Posted: May 2, 2017
Contributing Authors: Dick James, Fellow Emeritus

Figure 1

During the ISSCC conference last February, Sony issued a press release describing “Industry's First 3-Layer Stacked CMOS Image Sensor with DRAM for Smartphones”. There have been rumours of image sensors with embedded DRAM (to speed up the image data processing) for several years, but so far, nothing has been put into production and out in the real world.

The details were given in a paper [1] at the ISSCC conference and it actually looked like the real thing, so this definitely caught the attention of our image-sensor experts inside TechInsights. Confirming its production status, at Mobile World Congress, Sony announced their Experia XZ Premium and XZs phones, with the Motion Eye™ camera system capable of 960 fps. We got hold of an Xperia XZs as soon as it was available, cross-sectioned the rear-facing camera chip, and lo and behold, we indeed have a three-stack; the CMOS image sensor (CIS) is mounted face-to-back on the DRAM, which is face-to-face with the image signal processor (ISP).

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Figure 2

However, we are getting ahead of ourselves a little, so let’s take a look at Sony’s press release and the ISSCC paper.

In its earlier 19 Mp image sensor, Sony used dual digital/analog converters to digitize the pixel data, and now we have a 4-tier construction to increase readout speed, and improve processing capability. The DRAM is used to temporarily store the high-speed data, and then output it at the optimal rate for the sensor interface. This design allows it to read a still image of 19.3 million pixels in only 1/120 of a second, and in movie mode it can go up to ~1000 fps, ~4x and ~8x (respectively) faster than the earlier product. This block diagram illustrates the signal path.

Figure 3

Given that the DRAM is sandwiched between the CIS and the ISP, the high-speed data has to go through the memory chip to the ISP, and then back-and-forth until it is output through the I/F (interface) block of the ISP, at a conventional speed suitable for the applications processor.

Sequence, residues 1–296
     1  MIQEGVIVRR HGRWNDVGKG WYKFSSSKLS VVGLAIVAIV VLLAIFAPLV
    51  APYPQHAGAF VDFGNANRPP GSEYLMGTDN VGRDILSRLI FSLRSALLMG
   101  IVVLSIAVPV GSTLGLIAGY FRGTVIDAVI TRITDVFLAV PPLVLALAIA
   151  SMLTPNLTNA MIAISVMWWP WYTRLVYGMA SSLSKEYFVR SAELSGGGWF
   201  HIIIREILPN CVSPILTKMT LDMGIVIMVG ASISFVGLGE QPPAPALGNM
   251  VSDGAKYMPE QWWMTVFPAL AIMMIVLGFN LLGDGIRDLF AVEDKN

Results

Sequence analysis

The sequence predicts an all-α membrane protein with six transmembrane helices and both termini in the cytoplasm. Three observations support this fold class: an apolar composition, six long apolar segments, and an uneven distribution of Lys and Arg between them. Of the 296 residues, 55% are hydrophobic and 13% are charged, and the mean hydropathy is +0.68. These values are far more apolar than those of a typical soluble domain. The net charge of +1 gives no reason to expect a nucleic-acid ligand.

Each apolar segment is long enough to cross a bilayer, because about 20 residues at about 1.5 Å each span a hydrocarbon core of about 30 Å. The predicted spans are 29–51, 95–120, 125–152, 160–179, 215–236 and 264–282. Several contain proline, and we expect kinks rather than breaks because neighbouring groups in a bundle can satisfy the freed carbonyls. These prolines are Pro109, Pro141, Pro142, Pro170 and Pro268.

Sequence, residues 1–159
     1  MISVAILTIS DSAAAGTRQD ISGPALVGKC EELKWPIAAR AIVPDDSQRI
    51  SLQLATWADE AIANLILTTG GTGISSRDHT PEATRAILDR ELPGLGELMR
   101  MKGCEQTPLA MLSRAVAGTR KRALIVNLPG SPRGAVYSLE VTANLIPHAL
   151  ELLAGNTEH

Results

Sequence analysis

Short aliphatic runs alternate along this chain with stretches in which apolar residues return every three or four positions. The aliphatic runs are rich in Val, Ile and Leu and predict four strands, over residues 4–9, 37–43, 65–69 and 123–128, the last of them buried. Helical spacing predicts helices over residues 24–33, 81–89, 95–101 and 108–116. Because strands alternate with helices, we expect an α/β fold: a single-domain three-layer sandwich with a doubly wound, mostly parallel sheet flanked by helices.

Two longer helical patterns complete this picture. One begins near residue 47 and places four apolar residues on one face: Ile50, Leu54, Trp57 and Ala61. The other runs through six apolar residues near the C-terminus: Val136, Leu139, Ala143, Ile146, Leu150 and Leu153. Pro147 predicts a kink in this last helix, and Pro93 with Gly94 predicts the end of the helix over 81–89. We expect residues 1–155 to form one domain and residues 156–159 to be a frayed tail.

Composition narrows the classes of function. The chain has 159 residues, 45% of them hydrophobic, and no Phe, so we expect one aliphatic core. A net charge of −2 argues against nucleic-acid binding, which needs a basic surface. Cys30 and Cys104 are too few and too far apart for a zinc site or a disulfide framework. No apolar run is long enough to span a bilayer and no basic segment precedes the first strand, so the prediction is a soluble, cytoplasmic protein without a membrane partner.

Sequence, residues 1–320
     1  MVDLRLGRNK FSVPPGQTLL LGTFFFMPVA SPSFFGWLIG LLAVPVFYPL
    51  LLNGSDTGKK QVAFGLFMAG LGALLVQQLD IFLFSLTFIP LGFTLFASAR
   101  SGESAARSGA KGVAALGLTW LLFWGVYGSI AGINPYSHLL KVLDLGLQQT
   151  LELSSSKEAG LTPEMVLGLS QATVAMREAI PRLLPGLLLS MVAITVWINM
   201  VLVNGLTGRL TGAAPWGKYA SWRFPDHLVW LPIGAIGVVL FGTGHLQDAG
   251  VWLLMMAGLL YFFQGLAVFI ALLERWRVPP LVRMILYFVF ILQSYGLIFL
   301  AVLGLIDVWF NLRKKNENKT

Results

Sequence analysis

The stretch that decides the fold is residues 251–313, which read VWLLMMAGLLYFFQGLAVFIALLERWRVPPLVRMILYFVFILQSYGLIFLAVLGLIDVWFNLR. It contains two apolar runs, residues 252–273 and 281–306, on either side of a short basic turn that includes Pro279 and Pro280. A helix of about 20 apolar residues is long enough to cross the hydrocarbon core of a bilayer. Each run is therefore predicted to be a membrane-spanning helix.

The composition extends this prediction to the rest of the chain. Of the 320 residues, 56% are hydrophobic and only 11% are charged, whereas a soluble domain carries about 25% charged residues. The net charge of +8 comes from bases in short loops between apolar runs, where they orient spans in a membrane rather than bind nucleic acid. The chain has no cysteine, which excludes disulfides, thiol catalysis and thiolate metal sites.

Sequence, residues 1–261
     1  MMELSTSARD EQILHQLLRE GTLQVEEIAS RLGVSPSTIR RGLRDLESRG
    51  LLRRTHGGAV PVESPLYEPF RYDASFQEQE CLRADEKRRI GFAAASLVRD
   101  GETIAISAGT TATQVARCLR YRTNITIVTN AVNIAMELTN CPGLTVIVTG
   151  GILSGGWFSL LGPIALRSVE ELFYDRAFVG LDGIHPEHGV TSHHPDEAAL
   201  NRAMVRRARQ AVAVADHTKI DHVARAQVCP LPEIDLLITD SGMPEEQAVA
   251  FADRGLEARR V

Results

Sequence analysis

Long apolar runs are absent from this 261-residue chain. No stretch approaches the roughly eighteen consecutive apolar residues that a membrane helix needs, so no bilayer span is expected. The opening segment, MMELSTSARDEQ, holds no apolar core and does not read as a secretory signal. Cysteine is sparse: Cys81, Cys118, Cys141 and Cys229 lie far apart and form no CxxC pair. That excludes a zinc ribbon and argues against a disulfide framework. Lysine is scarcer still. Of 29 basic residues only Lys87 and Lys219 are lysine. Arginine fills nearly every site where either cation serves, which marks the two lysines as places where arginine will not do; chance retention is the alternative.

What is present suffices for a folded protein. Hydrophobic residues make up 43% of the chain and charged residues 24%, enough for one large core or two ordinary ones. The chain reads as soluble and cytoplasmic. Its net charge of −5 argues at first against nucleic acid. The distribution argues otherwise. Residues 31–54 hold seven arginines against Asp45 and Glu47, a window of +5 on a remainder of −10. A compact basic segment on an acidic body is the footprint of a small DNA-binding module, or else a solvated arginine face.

That’s a pretty compressed version of the sensor operation; the paper goes into more detail, including how the 960 fps imaging and slow-motion works. Sony’s schematic illustrates the three-stack.

According to the paper, the pixel array is in the top die, the DRAM array and row drivers are in the middle die, and the remaining blocks are in the bottom ISP die. We don’t have die photos of all three dies yet, but the paper had some images.

Sony also tells us that the CIS is made in a 90 nm, 1 Al, 5 Cu technology, the DRAM is a 1 Gb, 30 nm (3 Al, 1 W) part, and the ISP is a 40 nm, 1 Al, 6 Cu device. It was undoubtedly a challenge to get all the functionality required into three dies of the same size, without wasting silicon area.

Figure 4
Figure 5

Given that the DRAM die also has the CIS row drivers on it, then it must have been designed as a custom part, and is not one of the TSV-enabled (TSV = through-silicon via) commodity DRAMs that we have seen in recent years. Sony’s cross-section also shows that the center die has a thick back oxide and landing pad for TSVs coming down from the CIS above.

We can also see (if the scale bar is accurate), that the CIS and DRAM die substrates have been thinned down to ~2.6 µm, normal for a back-illuminated CIS (BI-CIS), but that’s the thinnest DRAM we have ever seen. Our own image (above) confirms that the CIS and DRAM silicon are of the same order in thickness, and the landing pads are also visible.

Figure 6

The next question is – how have the TSVs been formed in the stack? Our first cross-sections have just come out of the lab, and they look quite familiar. The CIS/DRAM connection seems to be the up-and-over form of TSV that we have seen in earlier generations of Sony back-illuminated (BI) CIS devices.

Here there are two layers of TSVs connecting what looks like a 6-metal stack in the CIS to the M1 of the DRAM die. We do not have a cross-section of extended TSVs joining the CIS directly to the ISP, though there are TSVs through the DRAM to the top metal of the ISP.

Figure 7

It seems likely that the CIS/ISP connection could use the DRAM landing pad layer as an interconnect, to avoid the challenge of drilling through two dies after the full stack was formed.

Further analysis of the IMX400 is ongoing, and in due time we will have reports on the CIS itself as well as the package stack. In industry terms, Sony has again pushed the limits of what can be done with mobile phone cameras. The big question for later this year is – will we see this in the next iPhone?


[1] T. Haruta et al., “A 1/2.3-inch 20Mpixel 3-layer Stacked CMOS Image © 2017 IEEE Sensor with DRAM”, Proc. ISSCC 2017, paper 4.6

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